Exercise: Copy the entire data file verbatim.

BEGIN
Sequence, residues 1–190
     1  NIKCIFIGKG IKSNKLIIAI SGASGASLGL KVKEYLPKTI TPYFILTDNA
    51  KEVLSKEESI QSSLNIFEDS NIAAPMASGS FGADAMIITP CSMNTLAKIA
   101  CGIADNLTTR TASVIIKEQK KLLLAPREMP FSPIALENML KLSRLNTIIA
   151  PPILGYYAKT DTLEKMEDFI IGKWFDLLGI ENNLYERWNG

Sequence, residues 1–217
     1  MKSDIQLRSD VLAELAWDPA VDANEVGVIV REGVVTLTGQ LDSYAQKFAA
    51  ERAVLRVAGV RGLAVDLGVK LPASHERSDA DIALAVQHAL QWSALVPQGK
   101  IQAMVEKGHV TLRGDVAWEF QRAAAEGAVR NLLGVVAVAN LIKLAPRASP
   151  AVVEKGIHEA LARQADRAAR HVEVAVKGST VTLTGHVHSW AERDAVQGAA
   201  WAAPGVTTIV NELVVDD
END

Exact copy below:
Sequence, residues 1–190
     1  NIKCIFIGKG IKSNKLIIAI SGASGASLGL KVKEYLPKTI TPYFILTDNA
    51  KEVLSKEESI QSSLNIFEDS NIAAPMASGS FGADAMIITP CSMNTLAKIA
   101  CGIADNLTTR TASVIIKEQK KLLLAPREMP FSPIALENML KLSRLNTIIA
   151  PPILGYYAKT DTLEKMEDFI IGKWFDLLGI ENNLYERWNG

Sequence, residues 1–217
     1  MKSDIQLRSD VLAELAWDPA VDANEVGVIV REGVVTLTGQ LDSYAQKFAA
    51  ERAVLRVAGV RGLAVDLGVK LPASHERSDA DIALAVQHAL QWSALVPQGK
   101  IQAMVEKGHV TLRGDVAWEF QRAAAEGAVR NLLGVVAVAN LIKLAPRASP
   151  AVVEKGIHEA LARQADRAAR HVEVAVKGST VTLTGHVHSW AERDAVQGAA
   201  WAAPGVTTIV NELVVDD